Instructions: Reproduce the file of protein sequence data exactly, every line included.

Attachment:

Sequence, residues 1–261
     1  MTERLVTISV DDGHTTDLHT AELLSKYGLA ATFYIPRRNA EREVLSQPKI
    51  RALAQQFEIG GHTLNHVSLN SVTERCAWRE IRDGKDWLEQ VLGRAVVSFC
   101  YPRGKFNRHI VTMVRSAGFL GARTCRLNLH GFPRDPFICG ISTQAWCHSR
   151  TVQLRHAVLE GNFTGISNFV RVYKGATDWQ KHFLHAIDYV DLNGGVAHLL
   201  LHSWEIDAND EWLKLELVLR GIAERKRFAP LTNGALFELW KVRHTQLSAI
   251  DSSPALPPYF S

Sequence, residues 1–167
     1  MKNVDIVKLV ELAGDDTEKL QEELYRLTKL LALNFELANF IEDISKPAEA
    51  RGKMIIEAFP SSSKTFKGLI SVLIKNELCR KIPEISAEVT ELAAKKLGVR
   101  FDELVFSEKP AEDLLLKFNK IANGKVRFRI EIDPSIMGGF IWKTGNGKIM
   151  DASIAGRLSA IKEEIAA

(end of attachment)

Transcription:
Sequence, residues 1–261
     1  MTERLVTISV DDGHTTDLHT AELLSKYGLA ATFYIPRRNA EREVLSQPKI
    51  RALAQQFEIG GHTLNHVSLN SVTERCAWRE IRDGKDWLEQ VLGRAVVSFC
   101  YPRGKFNRHI VTMVRSAGFL GARTCRLNLH GFPRDPFICG ISTQAWCHSR
   151  TVQLRHAVLE GNFTGISNFV RVYKGATDWQ KHFLHAIDYV DLNGGVAHLL
   201  LHSWEIDAND EWLKLELVLR GIAERKRFAP LTNGALFELW KVRHTQLSAI
   251  DSSPALPPYF S

Sequence, residues 1–167
     1  MKNVDIVKLV ELAGDDTEKL QEELYRLTKL LALNFELANF IEDISKPAEA
    51  RGKMIIEAFP SSSKTFKGLI SVLIKNELCR KIPEISAEVT ELAAKKLGVR
   101  FDELVFSEKP AEDLLLKFNK IANGKVRFRI EIDPSIMGGF IWKTGNGKIM
   151  DASIAGRLSA IKEEIAA